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Hidden dragon Huawei: 'We’re making increased efforts at transparency'

Can the telecoms kit maker make it big in biz IT?

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UK.gov CIO-turned-Huawei-man: A 'systemic change' is coming

Convincing risk-averse CIOs of the safety and security of its kit will be an on-going issue, although Huawei has a big hitter on its team in recruiting former UK government CIO John Suffolk as its global cyber security officer.

It doesn’t help either that stories of security vulnerabilities in USB modems, routers and other kit emerge from time to time, especially when the firm is criticised for its poor incident response capabilities. To be fair, Suffolk has promised “systemic change” within Huawei, so something is being done, but in the meantime any security problems will reinforce the negative perceptions of the biz which perhaps some of its global rivals have not faced on the same scale.

Huawei's corporate controller CT Johnson also made efforts at the analyst summit to reassure enterprise customers across the globe that the firm is also trying to answer criticism, especially from US lawmakers, that its opaque corporate governance makes it difficult to determine what role if any the Chinese government plays behind the scenes.

“Being a vendor of network infrastructure means people outside of Huawei want to know what’s going on inside Huawei,” he said. So we’re making increased efforts at transparency and openness…It’s something you’ll see more of going forward.”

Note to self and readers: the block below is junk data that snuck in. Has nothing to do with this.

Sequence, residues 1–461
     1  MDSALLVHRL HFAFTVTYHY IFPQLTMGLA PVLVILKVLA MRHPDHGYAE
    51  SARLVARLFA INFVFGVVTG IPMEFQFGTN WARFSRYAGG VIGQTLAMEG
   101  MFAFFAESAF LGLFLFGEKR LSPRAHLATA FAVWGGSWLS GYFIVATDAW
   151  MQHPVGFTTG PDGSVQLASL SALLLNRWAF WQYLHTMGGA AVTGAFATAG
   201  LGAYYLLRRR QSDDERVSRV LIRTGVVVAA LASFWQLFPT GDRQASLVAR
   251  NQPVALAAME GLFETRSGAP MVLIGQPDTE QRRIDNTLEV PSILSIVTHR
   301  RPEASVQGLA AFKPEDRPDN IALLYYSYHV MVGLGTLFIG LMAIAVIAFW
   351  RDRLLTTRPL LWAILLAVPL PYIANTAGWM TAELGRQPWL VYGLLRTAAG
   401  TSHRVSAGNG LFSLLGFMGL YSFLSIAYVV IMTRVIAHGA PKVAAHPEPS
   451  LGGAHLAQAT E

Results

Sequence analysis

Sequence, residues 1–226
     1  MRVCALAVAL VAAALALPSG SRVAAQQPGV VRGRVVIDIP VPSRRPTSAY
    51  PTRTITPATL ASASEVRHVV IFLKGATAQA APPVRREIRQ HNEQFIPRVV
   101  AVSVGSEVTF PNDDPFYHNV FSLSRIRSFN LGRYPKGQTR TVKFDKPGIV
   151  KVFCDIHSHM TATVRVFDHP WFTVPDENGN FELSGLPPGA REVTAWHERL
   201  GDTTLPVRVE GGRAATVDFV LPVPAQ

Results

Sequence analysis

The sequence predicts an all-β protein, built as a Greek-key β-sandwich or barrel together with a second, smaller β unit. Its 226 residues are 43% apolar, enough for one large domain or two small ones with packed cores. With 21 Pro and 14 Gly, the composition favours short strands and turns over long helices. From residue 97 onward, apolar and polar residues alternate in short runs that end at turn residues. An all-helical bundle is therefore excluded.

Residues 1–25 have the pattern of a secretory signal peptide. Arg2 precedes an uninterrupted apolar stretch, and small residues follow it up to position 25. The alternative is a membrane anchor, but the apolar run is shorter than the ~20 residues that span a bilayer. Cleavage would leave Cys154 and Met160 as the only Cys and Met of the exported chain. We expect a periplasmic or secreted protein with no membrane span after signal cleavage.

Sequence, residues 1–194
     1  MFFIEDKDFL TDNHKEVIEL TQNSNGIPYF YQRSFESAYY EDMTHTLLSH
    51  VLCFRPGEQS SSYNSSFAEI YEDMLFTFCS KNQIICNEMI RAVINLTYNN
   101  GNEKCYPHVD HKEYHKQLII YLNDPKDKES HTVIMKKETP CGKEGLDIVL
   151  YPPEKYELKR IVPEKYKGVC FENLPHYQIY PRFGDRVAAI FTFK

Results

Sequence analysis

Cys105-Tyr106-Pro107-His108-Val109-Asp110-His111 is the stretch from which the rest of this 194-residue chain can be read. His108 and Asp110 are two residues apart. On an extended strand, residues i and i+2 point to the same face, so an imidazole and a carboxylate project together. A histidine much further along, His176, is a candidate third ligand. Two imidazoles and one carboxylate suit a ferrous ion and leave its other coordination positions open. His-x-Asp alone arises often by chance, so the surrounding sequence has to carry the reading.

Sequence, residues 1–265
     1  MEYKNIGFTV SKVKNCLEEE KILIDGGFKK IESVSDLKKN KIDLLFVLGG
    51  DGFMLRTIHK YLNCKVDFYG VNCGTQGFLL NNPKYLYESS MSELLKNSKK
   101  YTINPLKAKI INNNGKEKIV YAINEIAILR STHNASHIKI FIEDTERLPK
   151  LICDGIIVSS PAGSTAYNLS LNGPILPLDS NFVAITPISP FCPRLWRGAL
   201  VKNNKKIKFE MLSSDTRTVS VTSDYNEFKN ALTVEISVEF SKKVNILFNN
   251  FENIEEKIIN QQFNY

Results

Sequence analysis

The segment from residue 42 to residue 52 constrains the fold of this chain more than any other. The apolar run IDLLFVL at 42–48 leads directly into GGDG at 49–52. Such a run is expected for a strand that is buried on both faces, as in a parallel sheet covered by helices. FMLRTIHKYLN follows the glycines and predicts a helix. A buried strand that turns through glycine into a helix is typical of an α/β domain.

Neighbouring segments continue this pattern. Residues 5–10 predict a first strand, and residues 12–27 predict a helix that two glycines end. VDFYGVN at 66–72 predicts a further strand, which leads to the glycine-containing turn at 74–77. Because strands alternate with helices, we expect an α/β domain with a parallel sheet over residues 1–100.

Compliance, security and regulatory woes aside, however, IDC’s Song claimed Huawei needs greater clarity in its enterprise product portfolio, and around which offerings are home-grown Huawei products and which are the result of partnerships, as per the Symantec JV.

“The story it’s trying to push is still a work in progress and the solutions are a little confusing, in the naming and overall message they want to deliver to clients,” he said. “Huawei is also very hardware-centric in its messaging. It needs to attach multiples to the hardware it sells through consulting, services and maintenance. The dynamic of the datacentre is changing and hardware margins are getting thinner and thinner.”

As to whether Huawei can do the unthinkable and achieve market-leading success in consumer, carrier and enterprise segments, even Eric Xu admitted in his keynote it will be a challenge, if not a downright “miracle”.

Forrester’s Wang claimed enterprise customers will be the key to achieving this miracle, arguing that Huawei still needs to put more effort into making its channel programs more attractive, as well as "localising" expertise, and improving its vertical capabilities – something it has traditionally not had to do with a carrier business legacy.

IDC’s Song added that there was a “healthy level of scepticism” amongst the analysts attending in Shenzhen this week of Huawei achieving a 45 per cent CAGR in its enterprise business.

“The technology is sound and the enterprise business is barely two years old. IBM and Cisco were not as prolific when they were at this stage,” he said.

“But the ICT market itself is growing at only 4-5 per cent. Huawei has to be the number 2 or 3 player in almost all the product markets it plays in. The challenge here is how does Huawei get customers to switch from Cisco, EMC or HP. Pricing play, yes. But what else?” ®

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